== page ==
The paramount obligation of a college is to develop in its students
the ability to think clearly and independently, and the ability to live confidently, courageously and hopefully.
--Ellen Browning Scripps
Founded by the scion of the newspaper publishing family and philanthropist Ellen Browning Scripps, Scripps College is a residential small liberal arts college for women, in Southern California. It is a one of the Claremont Colleges, and shares some facilities and allows cross-registration with the other colleges of the consortium. The art, music, and media studies departments of the Claremont Colleges (the colleges other than Pomona College, which has their own) are based at Scripps.
The campus was designed by architect Gordon Kaufmann in the "California Style", characterized by red-tiled roofs, abode-like exteriors, and interior courtyards. It is listed on the National Register of Historic Places. A twelve-foot high wall surrounds the 30-acre campus.*
Some of the notable sights and places of the Claremont Colleges are on the Scripps campus.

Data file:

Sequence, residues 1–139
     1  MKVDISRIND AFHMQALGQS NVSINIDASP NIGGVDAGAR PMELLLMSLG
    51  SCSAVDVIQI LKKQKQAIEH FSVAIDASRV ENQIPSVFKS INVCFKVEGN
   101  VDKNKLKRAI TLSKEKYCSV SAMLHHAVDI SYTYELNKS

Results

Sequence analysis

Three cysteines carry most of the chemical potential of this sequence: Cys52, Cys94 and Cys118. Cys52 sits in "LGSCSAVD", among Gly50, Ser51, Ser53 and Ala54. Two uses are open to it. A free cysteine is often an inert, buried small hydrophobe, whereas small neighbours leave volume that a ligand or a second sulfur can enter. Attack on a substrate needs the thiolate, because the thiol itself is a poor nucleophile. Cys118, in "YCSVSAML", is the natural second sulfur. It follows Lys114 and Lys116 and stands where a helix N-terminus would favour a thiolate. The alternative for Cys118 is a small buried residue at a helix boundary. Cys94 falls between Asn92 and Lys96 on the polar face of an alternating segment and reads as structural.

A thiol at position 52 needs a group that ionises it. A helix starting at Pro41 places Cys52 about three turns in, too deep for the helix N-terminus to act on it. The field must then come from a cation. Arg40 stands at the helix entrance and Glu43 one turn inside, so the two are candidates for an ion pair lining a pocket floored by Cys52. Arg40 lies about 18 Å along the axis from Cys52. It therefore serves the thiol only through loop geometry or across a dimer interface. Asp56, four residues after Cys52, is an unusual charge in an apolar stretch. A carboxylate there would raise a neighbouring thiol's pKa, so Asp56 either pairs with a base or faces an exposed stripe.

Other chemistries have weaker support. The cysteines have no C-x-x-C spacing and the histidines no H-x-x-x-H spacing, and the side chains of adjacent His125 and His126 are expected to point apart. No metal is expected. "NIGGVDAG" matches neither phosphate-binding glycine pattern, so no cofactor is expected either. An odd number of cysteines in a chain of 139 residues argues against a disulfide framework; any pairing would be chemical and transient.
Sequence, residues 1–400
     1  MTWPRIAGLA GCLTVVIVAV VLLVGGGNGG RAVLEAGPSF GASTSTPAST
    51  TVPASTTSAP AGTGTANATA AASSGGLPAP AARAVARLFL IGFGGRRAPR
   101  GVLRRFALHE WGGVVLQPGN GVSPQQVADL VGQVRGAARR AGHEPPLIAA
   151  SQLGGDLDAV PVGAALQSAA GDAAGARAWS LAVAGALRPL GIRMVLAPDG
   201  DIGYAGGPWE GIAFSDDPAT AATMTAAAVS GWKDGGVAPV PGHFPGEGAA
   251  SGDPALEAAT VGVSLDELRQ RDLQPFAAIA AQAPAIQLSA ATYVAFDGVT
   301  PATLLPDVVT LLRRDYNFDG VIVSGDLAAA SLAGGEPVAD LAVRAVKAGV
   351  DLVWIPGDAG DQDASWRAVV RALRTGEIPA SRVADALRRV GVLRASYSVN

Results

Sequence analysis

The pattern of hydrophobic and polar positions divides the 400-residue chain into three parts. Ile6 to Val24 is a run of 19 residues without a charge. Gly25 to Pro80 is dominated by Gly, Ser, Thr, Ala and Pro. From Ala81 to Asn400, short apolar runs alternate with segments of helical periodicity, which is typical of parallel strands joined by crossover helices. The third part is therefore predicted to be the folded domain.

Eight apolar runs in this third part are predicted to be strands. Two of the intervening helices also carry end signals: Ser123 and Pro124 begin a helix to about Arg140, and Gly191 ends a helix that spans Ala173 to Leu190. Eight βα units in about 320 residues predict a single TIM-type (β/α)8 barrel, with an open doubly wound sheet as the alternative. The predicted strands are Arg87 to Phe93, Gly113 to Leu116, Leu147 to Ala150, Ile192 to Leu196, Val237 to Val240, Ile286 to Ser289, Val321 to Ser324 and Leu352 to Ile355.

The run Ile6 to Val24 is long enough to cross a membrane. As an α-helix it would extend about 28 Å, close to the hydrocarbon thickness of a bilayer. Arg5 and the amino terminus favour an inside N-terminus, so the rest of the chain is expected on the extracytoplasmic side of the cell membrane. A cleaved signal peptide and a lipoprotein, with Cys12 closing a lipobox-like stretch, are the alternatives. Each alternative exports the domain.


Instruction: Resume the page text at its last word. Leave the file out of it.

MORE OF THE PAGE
- On the main commons is a five-foot tall bronze sculpture of a zipper.
- The campus café, The Motley, is the best student hangout in the Claremont Colleges.
- There is a small walled garden in the center of the campus that is rarely open, but beautiful.
Additional information may be found at www.scrippscollege.edu
* While cloistering the women's school may seemed a natural defense against the threat of predation from Claremont Men's College (co-ed since 1976) to the south, the twelve-foot wall around the campus of Scripps College was originally built to stem the flow of mudslides from the San Gabriel Mountains. John McPhee's book The Control of Nature (also included in the omnibus volume Annals of the Former World) contains more information about the ominous situation of east Los Angeles County. (Thanks to Jongleur, himself once a part of the Harvey Mudd College Calculus Tutorial and Social Tea, for reminding me of the mudslides.)